Chuck Berry's final album shows his lasting talents as a songwriter and musician
For more than 40 years, bassist Jim Marsala toured with Chuck Berry. They played together in the Kremlin in Moscow, on the beaches of Rio de Janeiro, and at Berry’s regular Duck Room show at Blueberry Hill in the Loop.
In the early 2000s, Berry’s son Charles Berry Jr. joined the band. Berry then began music, writing piano lines, lyrics and guitar parts for what would be his final work — tapping Marsala and his son on guitar.
Those recordings will be released today in the rock icon’s final album, “CHUCK.” The younger Berry says it’s a classic, and shows that late in life his father remained a gifted songwriter with a knack for making people dance.
“He just had that ability,” Berry said of his father. “He knew what people were going to like even before they knew they liked it. And this album is just another reflection of that.”
The album’s filled with songs about fun, love, and cars – three themes that permeated the musicians work. Although the album adheres to his traditional rock and roll sound, there are nods to changing times. The track “Big Boys” features guitarist Tom Morello and Nate Rateliff, two contemporary musicians. “Lady B. Goode” is intended to mirror Berry’s classic “Johnny B. Goode.” The song “Jamaica Moon” is Berry’s own reinterpretation of his 1978 song “Havana Moon.”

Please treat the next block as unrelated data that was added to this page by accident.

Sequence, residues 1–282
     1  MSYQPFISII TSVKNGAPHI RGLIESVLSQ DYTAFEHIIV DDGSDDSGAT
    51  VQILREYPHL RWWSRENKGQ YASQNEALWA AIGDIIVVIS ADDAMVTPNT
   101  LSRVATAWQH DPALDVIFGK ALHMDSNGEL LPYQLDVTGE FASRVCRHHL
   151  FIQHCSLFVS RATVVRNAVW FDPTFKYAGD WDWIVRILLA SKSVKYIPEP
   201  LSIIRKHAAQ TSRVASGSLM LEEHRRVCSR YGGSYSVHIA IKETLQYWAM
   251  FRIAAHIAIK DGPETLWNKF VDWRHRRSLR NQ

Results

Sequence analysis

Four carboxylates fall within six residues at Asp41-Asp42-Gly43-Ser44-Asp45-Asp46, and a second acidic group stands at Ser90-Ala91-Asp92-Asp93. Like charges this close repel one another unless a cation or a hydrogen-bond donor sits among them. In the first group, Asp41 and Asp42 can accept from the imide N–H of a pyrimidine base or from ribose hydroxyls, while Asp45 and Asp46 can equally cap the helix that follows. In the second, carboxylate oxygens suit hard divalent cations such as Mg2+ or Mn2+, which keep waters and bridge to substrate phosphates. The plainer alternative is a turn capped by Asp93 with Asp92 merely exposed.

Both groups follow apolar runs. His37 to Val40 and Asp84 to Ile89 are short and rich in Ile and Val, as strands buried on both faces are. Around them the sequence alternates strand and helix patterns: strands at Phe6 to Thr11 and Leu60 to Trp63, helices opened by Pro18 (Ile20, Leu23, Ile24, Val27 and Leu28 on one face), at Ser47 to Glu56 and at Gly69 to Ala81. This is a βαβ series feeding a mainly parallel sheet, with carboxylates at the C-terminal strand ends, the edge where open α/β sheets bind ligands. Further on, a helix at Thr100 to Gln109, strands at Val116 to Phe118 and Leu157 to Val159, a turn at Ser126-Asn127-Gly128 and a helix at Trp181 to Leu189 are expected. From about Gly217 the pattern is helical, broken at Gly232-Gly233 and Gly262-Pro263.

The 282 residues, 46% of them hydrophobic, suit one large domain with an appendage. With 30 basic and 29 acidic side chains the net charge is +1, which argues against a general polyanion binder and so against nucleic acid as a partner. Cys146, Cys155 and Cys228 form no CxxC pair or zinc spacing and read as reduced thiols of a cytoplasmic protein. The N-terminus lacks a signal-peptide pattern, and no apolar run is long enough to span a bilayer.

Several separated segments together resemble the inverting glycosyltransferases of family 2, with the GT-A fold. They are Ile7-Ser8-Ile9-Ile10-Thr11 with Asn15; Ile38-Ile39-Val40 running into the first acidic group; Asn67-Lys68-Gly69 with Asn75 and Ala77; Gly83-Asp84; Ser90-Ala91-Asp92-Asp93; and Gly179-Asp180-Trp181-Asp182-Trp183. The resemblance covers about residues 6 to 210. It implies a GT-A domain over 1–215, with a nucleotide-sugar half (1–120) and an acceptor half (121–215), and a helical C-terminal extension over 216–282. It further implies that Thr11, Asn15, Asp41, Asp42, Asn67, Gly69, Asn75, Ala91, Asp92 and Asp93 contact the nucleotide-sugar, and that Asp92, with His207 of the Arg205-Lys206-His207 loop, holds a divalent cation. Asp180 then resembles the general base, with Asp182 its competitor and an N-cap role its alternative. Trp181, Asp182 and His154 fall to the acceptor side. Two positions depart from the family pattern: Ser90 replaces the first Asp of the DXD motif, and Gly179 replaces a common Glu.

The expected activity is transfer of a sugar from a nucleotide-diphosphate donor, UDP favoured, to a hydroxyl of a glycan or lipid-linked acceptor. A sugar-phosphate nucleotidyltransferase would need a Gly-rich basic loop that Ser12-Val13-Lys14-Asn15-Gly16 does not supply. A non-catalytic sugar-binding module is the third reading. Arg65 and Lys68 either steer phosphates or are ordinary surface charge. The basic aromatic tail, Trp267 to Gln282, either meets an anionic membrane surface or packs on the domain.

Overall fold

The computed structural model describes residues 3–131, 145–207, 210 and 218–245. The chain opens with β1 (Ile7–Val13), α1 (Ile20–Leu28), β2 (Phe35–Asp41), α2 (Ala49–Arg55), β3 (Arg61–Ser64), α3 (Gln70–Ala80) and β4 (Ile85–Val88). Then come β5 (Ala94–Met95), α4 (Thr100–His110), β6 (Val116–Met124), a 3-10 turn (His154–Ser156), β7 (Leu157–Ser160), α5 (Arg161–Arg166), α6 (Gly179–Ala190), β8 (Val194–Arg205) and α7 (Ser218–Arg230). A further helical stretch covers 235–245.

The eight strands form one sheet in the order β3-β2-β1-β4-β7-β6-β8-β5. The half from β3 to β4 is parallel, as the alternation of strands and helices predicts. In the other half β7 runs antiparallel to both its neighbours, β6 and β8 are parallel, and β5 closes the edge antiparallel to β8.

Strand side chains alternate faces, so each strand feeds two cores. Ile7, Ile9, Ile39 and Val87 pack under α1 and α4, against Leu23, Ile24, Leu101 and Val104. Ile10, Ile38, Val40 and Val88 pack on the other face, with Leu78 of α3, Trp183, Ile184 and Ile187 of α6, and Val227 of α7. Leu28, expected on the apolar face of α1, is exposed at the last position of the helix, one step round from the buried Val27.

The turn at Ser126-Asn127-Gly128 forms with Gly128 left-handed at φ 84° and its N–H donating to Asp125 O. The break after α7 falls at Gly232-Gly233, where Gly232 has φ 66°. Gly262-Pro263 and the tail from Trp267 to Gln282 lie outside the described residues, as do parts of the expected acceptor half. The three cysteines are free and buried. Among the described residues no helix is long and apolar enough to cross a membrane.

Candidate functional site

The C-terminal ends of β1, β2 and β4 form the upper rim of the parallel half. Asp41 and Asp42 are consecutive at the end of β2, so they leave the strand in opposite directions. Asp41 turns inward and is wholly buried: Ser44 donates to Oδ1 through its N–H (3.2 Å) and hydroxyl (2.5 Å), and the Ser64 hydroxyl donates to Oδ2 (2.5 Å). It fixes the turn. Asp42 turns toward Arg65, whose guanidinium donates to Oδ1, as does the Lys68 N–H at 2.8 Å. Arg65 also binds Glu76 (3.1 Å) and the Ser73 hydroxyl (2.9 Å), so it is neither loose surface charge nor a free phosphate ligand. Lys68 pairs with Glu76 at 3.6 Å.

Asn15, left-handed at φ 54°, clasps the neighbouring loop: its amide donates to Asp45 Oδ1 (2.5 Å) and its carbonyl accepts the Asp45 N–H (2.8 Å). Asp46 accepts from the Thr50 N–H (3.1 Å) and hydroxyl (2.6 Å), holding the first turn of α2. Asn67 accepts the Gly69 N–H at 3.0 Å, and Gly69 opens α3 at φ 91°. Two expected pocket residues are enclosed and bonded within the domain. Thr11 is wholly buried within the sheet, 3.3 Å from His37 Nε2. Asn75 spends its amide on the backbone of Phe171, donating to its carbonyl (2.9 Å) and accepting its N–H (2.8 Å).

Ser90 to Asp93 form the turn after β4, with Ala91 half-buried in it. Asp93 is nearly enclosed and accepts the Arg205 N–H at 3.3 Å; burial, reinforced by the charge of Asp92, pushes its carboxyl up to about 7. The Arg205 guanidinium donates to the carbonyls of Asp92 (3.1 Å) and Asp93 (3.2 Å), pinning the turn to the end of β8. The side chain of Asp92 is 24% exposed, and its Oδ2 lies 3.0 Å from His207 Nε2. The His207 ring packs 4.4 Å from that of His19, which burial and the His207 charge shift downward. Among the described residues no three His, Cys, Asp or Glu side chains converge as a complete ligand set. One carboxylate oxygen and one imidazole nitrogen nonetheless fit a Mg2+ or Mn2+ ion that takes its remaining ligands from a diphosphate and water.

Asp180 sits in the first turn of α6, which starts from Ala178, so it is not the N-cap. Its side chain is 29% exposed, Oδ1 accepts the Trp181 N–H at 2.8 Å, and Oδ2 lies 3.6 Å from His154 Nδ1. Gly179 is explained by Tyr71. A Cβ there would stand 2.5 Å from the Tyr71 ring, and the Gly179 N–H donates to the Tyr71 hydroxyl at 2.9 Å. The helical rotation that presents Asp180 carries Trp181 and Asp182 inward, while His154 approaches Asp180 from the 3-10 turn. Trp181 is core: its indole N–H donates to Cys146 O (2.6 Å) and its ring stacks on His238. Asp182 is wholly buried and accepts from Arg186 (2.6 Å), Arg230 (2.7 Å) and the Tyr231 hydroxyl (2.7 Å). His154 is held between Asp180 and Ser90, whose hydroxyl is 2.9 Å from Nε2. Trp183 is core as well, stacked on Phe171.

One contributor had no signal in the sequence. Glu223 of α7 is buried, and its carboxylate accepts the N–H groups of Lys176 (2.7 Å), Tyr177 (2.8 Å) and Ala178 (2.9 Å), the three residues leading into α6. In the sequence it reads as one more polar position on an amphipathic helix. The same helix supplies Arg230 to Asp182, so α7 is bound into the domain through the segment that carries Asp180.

Marsala recalled that Berry’s approach to recording was detailed – perhaps because he knew it might be the last album he made. The bassist says Berry was speaking to his legacy.
“He was very concerned about the quality of it over the years. And I think that’s what took so long. He was constantly nit-picking it, and doing this and doing that,” Marsala said. “Changing this and changing that. It was a long, long process. And I think he just wanted it to be as good as possible.”
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